That consistency was on full display throughout their show. The eight-song first set played like a single entity, a group meditation that held the audience in complete attention. The band—Ira Kaplan, Georgia Hubley and James McNew—moved around the stage to different instruments, a ballet of guitars, bass, drums and keyboards. Regardless of who was playing what at any time, the mood was one of utter relaxation, the music alternating between Zen loops, crunchy guitar melodies and whispered singing. Quietude was the overarching theme and the crowd followed along: A huge rock club in complete silence is the rarest of all things, but with Yo La Tengo leading along on songs like “She May She Might” and the lovely “Ashes,” it felt completely natural. Everyone was happy to luxuriate in the peace the band was offering. The real joys were found in between the songs, the veterans lingering on interstitial themes and setting up new ambient spaces in the segues.

The second set quickly flipped the script: “Flying Lesson (Hot Chicken #1)” unleashed Kaplan’s guitar into a gesticulating chaos while McNew and Hubley chugged along. The restraint of the first set dissolved into a host of rock-outs, building to a peak in “Ohm,” which found Kaplan passing his guitar into the crowd, held aloft like a rock star, feedback filling the room. The set-closing “Pass the Hatchet I Think I’m Goodkind” was a patient jammer, epic in length and intensity, Kaplan soloing and singing while lying on the stage. A Velvet Underground–cover-heavy encore showed off other facets of Yo La Tengo’s upside-down rock and roll and kept their local and loyal fans satisfied until the next encounter. —A. Stein | @Neddyo

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Brandi Carlile – Beacon Theatre – April 5, 2018

April 6th, 2018


(Brandi Carlile plays the Beacon Theatre again tonight and tomorrow.)

Photos courtesy of Dan Salimbene | northfieldproductions.com

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James Bay – Brooklyn Steel – April 3, 2018

April 4th, 2018


Photos courtesy of Michelle Figueroa | mfigueroaphoto.format.com

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Dashboard Confessional – Brooklyn Steel – March 29, 2018

March 30th, 2018


Photos courtesy of Brian C. Reilly | www.briancreilly.com

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Albert Hammond Jr. – Brooklyn Steel – March 28, 2018

March 29th, 2018


Photos courtesy of Chloe Gifkins | www.chloegifkinsphoto.com

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The Strypes Do Their Part to Keep Rock Alive at Rough Trade NYC

March 28th, 2018

The Strypes – Rough Trade NYC – March 27, 2018

Photos courtesy of Silvia Saponaro | www.saponarophotography.com

During the initial explosion of British rock bands in the early ’60s, it was pretty common for young groups to begin as carbon copies of the influences they were desperately trying to emulate. The first few Stones records, after all, leaned heavily on Chicago-blues covers, and the majority of the Who’s first album was a love letter to Motown. Each of these bands had templates they referenced before they mastered their crafts and created something completely different. The Strypes, out of Cavan, Ireland, started similarly. They experienced early success thanks to their throwback style that owed a huge debt to the early British pub-rock scene that predated the punk explosion of ’77. Bands like Dr. Feelgood, Nick Lowe and Dave EdmundsRockpile, and Graham Parker and the Rumour were all the template for them—and what made it most impressive was that these kids were all in their early teens. And man could they play.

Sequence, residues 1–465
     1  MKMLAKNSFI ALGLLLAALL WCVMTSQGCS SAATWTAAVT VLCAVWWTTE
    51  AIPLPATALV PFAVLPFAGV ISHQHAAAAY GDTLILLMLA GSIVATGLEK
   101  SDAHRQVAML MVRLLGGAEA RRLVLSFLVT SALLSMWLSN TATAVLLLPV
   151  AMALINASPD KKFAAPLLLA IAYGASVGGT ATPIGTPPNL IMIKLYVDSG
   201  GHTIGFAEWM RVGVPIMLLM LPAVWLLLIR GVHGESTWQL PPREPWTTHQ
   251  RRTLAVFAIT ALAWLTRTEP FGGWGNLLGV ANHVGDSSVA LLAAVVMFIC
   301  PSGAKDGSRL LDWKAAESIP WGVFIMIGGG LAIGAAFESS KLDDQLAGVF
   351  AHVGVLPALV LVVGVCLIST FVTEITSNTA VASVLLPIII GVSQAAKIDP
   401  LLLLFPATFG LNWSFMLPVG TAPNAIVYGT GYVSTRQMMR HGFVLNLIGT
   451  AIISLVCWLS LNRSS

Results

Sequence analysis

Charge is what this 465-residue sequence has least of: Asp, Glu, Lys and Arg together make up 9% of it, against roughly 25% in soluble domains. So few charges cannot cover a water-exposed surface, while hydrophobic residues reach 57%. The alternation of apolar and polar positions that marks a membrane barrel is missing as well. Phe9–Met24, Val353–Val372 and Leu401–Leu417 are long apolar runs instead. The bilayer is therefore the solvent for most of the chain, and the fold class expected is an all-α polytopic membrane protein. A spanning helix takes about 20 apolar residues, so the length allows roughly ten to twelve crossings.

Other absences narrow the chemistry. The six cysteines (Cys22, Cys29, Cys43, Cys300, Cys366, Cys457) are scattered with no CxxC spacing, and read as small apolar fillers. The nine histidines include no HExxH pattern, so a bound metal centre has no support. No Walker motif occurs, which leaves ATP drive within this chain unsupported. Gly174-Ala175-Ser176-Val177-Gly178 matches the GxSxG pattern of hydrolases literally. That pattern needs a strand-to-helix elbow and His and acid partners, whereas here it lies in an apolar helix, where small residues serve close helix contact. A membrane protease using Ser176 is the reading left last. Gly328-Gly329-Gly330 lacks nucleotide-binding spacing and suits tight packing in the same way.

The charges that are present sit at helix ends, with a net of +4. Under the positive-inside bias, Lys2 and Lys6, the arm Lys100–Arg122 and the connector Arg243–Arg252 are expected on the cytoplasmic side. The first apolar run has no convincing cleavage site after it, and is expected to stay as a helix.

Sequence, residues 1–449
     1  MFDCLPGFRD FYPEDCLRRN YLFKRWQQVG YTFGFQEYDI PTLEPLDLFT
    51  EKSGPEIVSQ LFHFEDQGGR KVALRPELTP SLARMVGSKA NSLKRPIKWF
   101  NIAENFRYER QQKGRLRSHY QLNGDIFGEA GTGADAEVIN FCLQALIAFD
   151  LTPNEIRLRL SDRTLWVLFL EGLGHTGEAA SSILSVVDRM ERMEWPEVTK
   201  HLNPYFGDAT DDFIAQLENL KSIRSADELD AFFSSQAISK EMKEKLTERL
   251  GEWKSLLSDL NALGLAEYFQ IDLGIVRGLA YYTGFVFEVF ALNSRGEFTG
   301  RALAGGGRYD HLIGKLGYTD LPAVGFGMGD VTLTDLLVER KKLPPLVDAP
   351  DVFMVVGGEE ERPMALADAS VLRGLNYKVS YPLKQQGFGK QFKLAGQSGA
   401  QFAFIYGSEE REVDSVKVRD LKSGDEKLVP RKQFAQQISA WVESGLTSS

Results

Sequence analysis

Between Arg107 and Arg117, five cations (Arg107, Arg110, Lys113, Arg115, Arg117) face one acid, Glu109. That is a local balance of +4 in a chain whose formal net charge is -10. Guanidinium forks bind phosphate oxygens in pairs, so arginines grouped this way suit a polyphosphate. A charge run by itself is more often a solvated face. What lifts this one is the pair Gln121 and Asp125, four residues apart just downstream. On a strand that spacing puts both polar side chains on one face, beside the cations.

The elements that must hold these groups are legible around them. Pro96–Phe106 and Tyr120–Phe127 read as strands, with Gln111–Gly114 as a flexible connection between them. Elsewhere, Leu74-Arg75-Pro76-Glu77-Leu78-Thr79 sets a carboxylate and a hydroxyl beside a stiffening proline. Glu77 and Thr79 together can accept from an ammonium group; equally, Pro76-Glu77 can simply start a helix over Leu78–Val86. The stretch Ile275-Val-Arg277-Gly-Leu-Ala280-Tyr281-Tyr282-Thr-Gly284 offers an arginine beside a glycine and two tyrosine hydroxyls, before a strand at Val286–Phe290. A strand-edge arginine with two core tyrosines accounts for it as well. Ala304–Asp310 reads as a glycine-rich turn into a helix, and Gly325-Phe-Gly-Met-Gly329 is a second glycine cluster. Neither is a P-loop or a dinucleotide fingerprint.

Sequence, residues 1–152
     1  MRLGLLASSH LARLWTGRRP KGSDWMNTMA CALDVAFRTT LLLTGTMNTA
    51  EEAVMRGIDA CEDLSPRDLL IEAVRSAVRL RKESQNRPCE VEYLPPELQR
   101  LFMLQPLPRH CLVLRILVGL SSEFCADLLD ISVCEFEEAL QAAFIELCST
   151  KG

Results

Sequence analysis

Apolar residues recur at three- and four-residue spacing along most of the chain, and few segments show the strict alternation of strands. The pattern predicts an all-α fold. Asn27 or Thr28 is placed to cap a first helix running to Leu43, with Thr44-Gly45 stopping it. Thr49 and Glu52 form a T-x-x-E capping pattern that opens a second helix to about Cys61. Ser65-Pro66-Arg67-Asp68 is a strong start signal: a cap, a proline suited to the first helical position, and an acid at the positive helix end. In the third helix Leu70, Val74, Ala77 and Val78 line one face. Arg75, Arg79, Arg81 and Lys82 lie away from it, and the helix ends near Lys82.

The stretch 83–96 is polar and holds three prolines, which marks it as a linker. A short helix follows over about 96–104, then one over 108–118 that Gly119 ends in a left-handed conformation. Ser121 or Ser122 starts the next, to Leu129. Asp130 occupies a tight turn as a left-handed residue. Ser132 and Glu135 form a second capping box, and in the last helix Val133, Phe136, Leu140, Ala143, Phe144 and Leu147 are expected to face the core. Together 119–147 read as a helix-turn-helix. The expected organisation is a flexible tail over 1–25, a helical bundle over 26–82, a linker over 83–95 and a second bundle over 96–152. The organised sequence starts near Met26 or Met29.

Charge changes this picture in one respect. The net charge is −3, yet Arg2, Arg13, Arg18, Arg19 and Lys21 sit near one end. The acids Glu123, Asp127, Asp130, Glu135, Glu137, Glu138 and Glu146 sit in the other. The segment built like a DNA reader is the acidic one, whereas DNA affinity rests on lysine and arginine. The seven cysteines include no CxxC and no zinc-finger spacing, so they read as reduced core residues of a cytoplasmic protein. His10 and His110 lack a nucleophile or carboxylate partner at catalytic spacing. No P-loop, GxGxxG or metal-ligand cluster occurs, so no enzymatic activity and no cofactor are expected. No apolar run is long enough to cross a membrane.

Their newest album, last year’s Spitting Image, finds the Strypes expanding their sound a little bit more with a focus on lyric-heavy pop-conscious songcraft—not unlike their heroes Lowe, Parker and Elvis Costello. And it brought them to Rough Trade NYC last night in Williamsburg. To put it lightly: I was not prepared for what I was about to witness. The band tore into their set by absolutely pulverizing the classic blues standard “Rollin’ and Tumblin’.” They’re such a tightly wound force with drummer Evan Walsh thunderously dismantling his kit with each hit, bassist Peter O’Hanlon constantly pacing and jumping all over the stage, lead guitarist Josh McClorely stoically unleashing one perfect solo after another and lead singer Ross Farrelly—clad in a workman’s jumpsuit and big black sunglasses—commanding the crowd with a calm and cool I’ve-seen-it-all demeanor. The Strypes had it down, an image they could present and the skills and tunes to back it up.

The set flew by as they played material from across their catalog. You could tell each era of the young band’s career was specifically defined, as the pop hooks of new songs like “Behind Closed Doors” jumped out in the middle of their older bluesy rave-ups. The Strypes played for about an hour and a half before coming out for a brief encore that began with an incendiary version of Nick Lowe’s “Heart of the City.” If you are familiar with the Rockpile’s live versions of this song, then you know that I am not saying it lightly that the Strypes did it justice. The final number of the night was their early hit “Blue Collar Jane” before the band bid Brooklyn goodnight and turned off their blazing hot amplifiers. Maybe rock isn’t dead after all? —Pat King | @MrPatKing

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Dan Auerbach – Brooklyn Steel – March 27, 2018

March 28th, 2018


(Dan Auerbach & the Easy Eye Sound Revue play the Capitol Theatre tonight.)

Photos courtesy of Gregg Greenwood | gregggreenwood.com

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MGMT – Brooklyn Steel – March 25, 2018

March 26th, 2018


Photos courtesy of Adela Loconte | adelaloconte.com

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Miguel – Terminal 5 – March 23, 2018

March 26th, 2018


Photos courtesy of DeShaun Craddock | dac.photography

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Moby – Rough Trade NYC – March 20, 2018

March 21st, 2018


Photos courtesy of Adela Loconte | adelaloconte.com

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OMD – Terminal 5 – March 10, 2018

March 12th, 2018


Photos courtesy of Dana (distortion) Yavin | distortionpix.com